What is their routine like?
They live their best life. They are fed twice a day. Early on, I fed them dry like Friskies or Nine-Lives, and wet like canned Friskies pate. As they got older, I was able to upgrade their food to ProPlan, both canned and dry, but occasionally I use Merrick or another mid-range food.
They do cat stuff, like lounge around and wait for meals. The cat condo with Pop and Tortie have lots of climbing shelves so they have vertical space, plus outdoor furniture.
Georgia, Sue, Joey, and Jersey eat at the picnic table inside the fence. There’s a mid-size dog crate there with the food bowl inside to protect the food from the elements. The picnic table is near the well and water connection, so I wash their dishes there and store them in a dish drainer.
The Butter and Basil basically live at The Treehouse, which is a platform with a roof over it between two mature pine trees outside the fence. Their platform has water and food bowls, and a smallish dog house with hay. They can climb up to the roof, which is nothing more than a sheet of metal roofing, and lounge up there.
Who else lives on the property and how did that happen?
Right now, only the cats and any wild animals like raccoons, opossums, and birds live there. There was a flock of chickens that moved through here almost every day, eating all the food in The Treehouse. They couldn’t be touched, and I don’t know where they came from, but we started buying chicken scratch and chicken feed to put out. They are voracious feeders, and the cats stay out of their way.
Also, randomly, a lone black hen moved in inside the fence last year. I named her Robirda. She started laying eggs, and we learned a lot about hens and egg production.
Last year, I was diagnosed with DCIS, a form of breast cancer, and I moved in with a friend to help take care of me. After a lot of treatment, I’ve just had my first annual post-op checkup, and things look fine. The cats have managed really well, doing what cats do best, and I’m planning on staying with my friend.
What is the funniest thing the animals have done?
The Butter and Basil are the funniest without even trying. Their platform is like a little stage where they have “conversations”. Admittedly, the conversations are created in my head based on photos that I take of them. Sometimes, The Butter lies on the platform and hangs his head over the side like he’s recovering from too much catnip. One time The Butter and Basil were on the roof of The Treehouse looking over the edge, like they were getting ready to water-balloon the chicken gang.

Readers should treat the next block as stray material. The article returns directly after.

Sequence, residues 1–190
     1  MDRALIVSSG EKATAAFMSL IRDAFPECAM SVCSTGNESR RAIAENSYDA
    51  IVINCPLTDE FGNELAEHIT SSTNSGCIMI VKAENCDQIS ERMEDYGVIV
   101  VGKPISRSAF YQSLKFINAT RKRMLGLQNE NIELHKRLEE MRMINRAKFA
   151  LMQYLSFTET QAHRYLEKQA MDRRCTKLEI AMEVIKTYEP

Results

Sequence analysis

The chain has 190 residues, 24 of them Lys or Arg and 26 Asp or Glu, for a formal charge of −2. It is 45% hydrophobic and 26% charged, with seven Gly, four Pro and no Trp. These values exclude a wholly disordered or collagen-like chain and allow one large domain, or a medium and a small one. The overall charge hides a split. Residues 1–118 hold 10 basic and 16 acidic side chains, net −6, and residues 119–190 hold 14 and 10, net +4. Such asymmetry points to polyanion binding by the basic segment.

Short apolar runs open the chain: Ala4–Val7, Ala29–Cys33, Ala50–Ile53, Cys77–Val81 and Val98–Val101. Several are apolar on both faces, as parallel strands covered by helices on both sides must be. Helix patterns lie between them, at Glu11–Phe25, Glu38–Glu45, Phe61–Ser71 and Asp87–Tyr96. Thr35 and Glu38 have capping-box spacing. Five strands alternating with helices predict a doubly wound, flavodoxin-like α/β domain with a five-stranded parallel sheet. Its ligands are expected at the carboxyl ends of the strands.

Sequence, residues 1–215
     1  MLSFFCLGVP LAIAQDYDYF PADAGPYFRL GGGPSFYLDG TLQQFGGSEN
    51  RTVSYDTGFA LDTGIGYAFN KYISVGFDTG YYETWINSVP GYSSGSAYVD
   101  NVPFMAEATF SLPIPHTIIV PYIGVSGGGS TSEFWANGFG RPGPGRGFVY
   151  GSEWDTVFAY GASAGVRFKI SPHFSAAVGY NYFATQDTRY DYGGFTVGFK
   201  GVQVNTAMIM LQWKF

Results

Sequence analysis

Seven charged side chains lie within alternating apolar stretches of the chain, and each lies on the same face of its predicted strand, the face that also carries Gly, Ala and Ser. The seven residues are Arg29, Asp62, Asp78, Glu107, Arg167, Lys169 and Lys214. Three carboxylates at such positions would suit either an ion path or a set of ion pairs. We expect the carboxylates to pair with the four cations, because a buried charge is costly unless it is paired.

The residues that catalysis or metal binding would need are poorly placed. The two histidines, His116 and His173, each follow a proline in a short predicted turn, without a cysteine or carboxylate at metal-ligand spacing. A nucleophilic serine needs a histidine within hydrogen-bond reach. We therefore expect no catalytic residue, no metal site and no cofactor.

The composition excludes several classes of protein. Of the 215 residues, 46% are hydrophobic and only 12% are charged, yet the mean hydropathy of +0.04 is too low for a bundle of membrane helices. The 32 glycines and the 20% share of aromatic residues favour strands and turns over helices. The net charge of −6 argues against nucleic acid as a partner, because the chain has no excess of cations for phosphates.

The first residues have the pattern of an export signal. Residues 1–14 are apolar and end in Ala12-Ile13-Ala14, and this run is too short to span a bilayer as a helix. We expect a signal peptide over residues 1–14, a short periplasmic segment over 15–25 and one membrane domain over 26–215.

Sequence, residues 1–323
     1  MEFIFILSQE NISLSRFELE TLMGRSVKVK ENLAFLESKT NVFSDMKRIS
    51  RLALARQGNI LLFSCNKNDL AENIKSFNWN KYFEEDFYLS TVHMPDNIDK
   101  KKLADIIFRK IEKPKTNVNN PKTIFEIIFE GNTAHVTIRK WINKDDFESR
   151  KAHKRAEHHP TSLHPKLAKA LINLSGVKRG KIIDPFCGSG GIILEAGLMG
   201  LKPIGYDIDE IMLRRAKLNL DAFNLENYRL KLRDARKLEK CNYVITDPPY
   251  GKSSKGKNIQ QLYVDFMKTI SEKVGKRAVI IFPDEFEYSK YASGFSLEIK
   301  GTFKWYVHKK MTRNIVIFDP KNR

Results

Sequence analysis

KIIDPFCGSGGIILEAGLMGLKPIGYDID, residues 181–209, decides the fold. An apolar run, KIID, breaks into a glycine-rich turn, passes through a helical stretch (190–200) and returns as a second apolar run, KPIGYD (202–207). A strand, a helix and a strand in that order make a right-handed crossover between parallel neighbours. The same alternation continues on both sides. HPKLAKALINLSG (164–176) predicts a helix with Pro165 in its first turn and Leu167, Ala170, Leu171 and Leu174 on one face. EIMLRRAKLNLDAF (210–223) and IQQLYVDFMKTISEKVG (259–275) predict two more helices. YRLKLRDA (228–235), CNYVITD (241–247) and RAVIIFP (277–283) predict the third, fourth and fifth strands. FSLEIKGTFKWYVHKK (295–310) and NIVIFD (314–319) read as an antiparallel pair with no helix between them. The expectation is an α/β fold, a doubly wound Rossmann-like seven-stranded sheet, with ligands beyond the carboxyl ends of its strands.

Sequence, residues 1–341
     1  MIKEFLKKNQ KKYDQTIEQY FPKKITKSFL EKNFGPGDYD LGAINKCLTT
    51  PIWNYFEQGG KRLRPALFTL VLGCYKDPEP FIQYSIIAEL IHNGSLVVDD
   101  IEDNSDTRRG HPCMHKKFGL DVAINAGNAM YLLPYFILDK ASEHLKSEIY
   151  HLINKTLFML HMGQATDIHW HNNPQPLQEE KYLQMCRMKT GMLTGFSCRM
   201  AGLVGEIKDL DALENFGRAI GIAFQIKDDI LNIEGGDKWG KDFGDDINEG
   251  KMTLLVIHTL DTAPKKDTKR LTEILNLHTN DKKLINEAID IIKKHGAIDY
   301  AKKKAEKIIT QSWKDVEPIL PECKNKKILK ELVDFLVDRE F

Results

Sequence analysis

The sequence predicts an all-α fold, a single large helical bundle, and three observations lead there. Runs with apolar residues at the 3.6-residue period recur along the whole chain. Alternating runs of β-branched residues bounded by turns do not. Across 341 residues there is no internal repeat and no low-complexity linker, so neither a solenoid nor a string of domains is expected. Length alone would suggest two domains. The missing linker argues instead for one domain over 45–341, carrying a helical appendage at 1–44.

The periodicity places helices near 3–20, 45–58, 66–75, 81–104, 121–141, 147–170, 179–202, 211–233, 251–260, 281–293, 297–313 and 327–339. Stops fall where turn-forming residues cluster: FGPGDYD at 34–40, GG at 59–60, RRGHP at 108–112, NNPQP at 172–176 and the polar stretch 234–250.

What is the most surprising?
The most surprising and interesting thing is how they separate themselves into groups. The Butter and Basil took over The Treehouse, which was started as just a safe place for cats to go if they ventured outside the fence. Pop-Up and Tortie live in the condo because that’s where they need to be for their own safety. The last four, Georgia, Sue, Joey, and Jersey, live in the general area of the picnic table. There are multiple places for them to sleep, inside and outside the fence. We made what I call the Dormitory outside the fence in the woods about 15 years ago. Sometimes the wild animals sleep there, but the kids here now don’t use it any more.
I take those large Rubbermaid totes, cut a hole in the end, and stuff them with hay or straw for sleeping quarters, so of course they like to lounge on the tops of those. There’s also nesting boxes in the shed, and they have access to the old RV.
Sometimes Jersey, Joey, Sue, and Georgia come outside the fence to visit The Treehouse, but that’s usually just at feeding time because I tend to feed The Treehouse first, and they try to snag a bite and encourage me to hurry to the picnic table to feed them. I have a car trunk full of dry and canned food, and other supplies.
What about your background prepared you for all this?
I’ve always been interested in animals. When I was in 4th grade, I wanted to be a veterinarian. That was not to be in my future, but I have had vet tech training and worked for several vet practices.
Working at the luxury boarding kennel showed me that some animals get better treatment than others. I’m interested in group health and shelter environments and creating a place where animals can exist.
I have a degree in business management, and I hope to create a non-profit status in order to help more cats/dogs/people.
Ruth will stop by here in case you have any comments or questions for her. I’ll be here, too. Right now I have eight cats in the house, but it’s just temporary because I’m babysitting the feline grandkids.